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Keynotes Speakers:

Martin I. Meltzer, Ph.D, Monday morning, July 14

PZ Myers, Tuesday morning, July 15

Martin I. Meltzer, Ph.D
DEISS/NCPDCID/CCID/CDC: (Division of Emerging Infections and Surveillance Services, National Center for the Prevention, Detection and Control of Infectious Diseases, Coordinating Center for Infectious Diseases, Centers for Disease Control and Prevention (CDC))

Modeling for public health policy: Complexity and simplicity

*Abstract:* Public health policy makers face a wide array of planning problems, including how to prepare for the next influenza pandemic, assessing the value of vaccines and evaluating a variety of interventions. This talk will present some examples of the mathematical models, ranging from complex (agent based models requiring super computers) to the simple (using spreadsheets), that have been used to help public health officials make decisions. Also to be presented will be some suggested " rules of thumb" for producing mathematical models that public health officials may find useful.

*Bio:* Dr. Martin I. Meltzer is the Senior Health Economist and a Distinguished Consultant, Division of Emerging Infections and Surveillance Services, CDC in Atlanta, GA. He received his undergraduate degree from the University of Zimbabwe in 1982, and Masters and a Doctorate in Applied Economics from Cornell University, NY, in 1987 and 1990, respectively. From 1990 to mid 1995 he was on the faculty at the School of Veterinary Medicine at the University of Florida. In 1995, he moved to CDC, where he was in the first class of Prevention Effectiveness (health economists) fellows. Examples of his more recent research include the modeling of potential responses to smallpox as a bioterrorist weapon, examining the economics of vaccinating restaurant foodhandlers against hepatitis A, and assessing the economic impact of pandemic influenza. Dr. Meltzer has published approximately 140 publications, including more than 80 articles in peer-reviewed journals, two U.S. patents and ten book chapters. He also led teams which produced software, such as FluAid, FluSurge and FluWorkLoss, designed to help state and local public health officials plan and prepare of catastrophic infectious disease events. He is an associate editor for Emerging Infectious Diseases. He also supervises a number of post-doctoral health economists at CDC.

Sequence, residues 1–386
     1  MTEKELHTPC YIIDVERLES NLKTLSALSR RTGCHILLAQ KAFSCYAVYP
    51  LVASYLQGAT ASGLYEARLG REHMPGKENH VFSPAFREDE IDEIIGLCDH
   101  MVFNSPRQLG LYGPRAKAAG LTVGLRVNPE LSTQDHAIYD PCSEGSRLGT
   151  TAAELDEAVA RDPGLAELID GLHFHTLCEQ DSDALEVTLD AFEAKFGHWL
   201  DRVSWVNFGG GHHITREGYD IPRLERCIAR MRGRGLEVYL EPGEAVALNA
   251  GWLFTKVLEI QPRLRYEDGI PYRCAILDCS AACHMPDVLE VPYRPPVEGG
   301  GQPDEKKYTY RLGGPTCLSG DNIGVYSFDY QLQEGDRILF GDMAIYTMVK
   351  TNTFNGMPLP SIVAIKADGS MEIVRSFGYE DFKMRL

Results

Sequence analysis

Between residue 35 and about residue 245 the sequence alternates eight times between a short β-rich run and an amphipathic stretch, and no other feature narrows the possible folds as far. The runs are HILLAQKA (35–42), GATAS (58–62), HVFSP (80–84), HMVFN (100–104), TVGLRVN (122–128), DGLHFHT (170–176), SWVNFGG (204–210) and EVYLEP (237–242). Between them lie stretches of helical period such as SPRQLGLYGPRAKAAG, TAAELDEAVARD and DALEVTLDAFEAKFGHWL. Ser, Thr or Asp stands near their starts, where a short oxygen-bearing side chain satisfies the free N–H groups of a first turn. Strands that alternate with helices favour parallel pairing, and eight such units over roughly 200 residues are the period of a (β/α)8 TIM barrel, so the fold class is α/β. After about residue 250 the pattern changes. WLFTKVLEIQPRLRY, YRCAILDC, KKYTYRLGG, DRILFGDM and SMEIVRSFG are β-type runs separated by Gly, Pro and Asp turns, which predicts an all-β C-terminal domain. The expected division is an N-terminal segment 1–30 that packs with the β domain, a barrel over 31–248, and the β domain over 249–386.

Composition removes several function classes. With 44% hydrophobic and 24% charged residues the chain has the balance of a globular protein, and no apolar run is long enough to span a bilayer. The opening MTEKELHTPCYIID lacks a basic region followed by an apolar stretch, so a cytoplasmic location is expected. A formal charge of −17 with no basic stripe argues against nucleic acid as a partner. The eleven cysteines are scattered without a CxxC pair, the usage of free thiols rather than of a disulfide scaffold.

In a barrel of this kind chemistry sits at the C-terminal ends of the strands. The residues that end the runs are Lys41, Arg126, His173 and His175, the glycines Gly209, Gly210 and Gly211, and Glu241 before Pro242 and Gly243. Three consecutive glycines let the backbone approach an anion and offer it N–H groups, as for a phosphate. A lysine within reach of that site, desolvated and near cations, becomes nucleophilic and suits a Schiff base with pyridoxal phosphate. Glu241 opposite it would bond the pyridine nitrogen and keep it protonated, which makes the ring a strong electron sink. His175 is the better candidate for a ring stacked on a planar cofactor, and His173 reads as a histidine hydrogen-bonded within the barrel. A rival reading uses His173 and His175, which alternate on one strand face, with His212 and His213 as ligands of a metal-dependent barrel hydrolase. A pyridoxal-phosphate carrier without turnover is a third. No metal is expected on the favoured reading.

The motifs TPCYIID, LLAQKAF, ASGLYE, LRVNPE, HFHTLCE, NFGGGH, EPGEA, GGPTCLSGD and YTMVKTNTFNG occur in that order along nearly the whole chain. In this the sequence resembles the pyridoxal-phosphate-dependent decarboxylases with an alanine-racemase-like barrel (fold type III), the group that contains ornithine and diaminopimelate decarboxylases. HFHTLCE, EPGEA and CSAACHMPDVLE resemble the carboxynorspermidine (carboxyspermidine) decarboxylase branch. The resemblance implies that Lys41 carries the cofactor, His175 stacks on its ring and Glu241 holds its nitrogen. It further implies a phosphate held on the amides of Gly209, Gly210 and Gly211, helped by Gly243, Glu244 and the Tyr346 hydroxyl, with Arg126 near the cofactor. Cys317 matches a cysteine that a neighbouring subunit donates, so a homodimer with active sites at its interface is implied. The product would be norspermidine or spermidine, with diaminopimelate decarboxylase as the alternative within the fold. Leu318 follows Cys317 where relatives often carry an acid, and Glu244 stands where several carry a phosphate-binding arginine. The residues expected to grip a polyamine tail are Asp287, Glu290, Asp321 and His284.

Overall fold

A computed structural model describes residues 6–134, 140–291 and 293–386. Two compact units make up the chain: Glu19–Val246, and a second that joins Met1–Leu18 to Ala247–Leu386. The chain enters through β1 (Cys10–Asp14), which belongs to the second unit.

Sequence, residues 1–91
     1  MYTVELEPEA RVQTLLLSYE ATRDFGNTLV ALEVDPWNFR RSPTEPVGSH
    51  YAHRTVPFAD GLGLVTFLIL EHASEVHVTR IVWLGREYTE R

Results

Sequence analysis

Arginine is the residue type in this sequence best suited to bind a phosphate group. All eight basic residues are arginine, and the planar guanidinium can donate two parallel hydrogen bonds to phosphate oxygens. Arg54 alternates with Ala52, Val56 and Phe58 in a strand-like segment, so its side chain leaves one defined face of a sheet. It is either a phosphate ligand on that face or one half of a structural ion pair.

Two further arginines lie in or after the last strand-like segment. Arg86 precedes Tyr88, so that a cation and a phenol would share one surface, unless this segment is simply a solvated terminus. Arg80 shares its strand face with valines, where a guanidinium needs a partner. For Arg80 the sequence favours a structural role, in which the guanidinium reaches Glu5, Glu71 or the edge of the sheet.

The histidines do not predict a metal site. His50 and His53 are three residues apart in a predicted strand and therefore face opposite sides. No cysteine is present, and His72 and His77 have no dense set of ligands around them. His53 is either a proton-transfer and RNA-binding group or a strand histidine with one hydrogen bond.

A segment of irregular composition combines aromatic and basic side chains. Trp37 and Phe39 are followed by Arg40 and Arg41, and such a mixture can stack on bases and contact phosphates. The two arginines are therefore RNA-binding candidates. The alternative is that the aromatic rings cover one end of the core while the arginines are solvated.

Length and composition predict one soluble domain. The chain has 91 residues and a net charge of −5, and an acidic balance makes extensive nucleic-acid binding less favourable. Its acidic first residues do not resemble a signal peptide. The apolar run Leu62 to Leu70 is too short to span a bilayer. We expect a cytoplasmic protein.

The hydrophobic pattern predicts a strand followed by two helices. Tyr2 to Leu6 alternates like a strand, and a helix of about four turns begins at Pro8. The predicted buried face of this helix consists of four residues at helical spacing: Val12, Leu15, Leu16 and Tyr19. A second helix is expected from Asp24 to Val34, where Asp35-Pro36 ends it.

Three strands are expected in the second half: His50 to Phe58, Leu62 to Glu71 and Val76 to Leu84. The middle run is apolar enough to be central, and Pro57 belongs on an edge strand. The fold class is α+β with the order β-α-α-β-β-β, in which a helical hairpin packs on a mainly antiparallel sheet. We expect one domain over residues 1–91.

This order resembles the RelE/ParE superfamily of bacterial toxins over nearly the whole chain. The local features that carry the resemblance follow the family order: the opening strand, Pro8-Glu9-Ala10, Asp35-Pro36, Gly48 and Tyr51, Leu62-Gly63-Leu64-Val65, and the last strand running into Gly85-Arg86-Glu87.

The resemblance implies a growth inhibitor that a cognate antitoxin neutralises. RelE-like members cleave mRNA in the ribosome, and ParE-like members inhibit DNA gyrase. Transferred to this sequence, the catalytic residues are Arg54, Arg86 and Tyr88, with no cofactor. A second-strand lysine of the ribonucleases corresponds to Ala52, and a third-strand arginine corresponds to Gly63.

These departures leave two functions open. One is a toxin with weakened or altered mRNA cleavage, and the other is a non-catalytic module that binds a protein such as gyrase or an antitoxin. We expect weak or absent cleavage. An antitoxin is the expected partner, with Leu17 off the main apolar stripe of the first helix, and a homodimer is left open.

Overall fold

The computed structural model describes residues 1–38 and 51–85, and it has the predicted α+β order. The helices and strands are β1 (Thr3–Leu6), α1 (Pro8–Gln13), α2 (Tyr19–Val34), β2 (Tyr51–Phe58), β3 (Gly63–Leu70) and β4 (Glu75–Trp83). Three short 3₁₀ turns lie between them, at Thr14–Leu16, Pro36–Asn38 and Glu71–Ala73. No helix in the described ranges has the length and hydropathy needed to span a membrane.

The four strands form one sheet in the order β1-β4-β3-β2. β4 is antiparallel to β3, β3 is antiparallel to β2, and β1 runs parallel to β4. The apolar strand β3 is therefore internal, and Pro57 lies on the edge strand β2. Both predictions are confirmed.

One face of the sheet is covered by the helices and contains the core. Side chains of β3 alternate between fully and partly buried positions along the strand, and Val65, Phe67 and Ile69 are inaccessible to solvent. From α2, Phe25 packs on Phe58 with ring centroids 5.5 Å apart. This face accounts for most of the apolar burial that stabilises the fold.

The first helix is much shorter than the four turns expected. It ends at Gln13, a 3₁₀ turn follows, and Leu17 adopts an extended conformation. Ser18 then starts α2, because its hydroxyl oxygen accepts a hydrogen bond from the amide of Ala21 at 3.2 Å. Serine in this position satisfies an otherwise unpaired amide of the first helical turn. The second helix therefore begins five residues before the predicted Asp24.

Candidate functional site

PZ Myers,
Associate Professor of Biology,
University of Minnesota, Morris

*Abstract:* PZ Myers be discussing the importance of the developmental perspective for understanding evolution, with examples of specific instances where molecular genetics has contributed to understanding why particular patterns evolved.

*Bio:* FOR ABOUT A DOZEN YEARS, PZ Myers has been among the fiercest, most public critics of the intelligent design movement. An early convert to the internet, he first embarked on the mission by posting on a Usenet group called Talkorigins. Over the years, he has poked away at ID in other forums, too, most notably in a well-regarded evolution-themed group blog called the Panda's Thumb. But Myers owes most of his notoriety to the personal weblog he created two and a half years ago, The blog's name is a reference to the stage in development of vertebrate embryos in which various species most resemble each other. Given the obscurity of the domain name—and the often esoteric subject matter—it is a minor miracle that Myers has been able to cultivate such a large and loyal following. A Google search of his name yields more than a quarter of a million results. According to Alexa, the website-ranking page, Pharyngula's idiosyncratic musings on science, culture, and politics—and his claw-hammer critiques of ID—have made him the most-read Minnesota blogger after the popular right-wing mainstays Power Line and Captain's Quarters.


Career Events:

2nd Annual JobShop
For participants looking for positions in academia or industry, and for employers looking to hire. New format.

EC in Practice: Job Prep
How to prepare for GEC jobs in industry.


 Genetic and Evolutionary Computation Conference (GECCO-2008)
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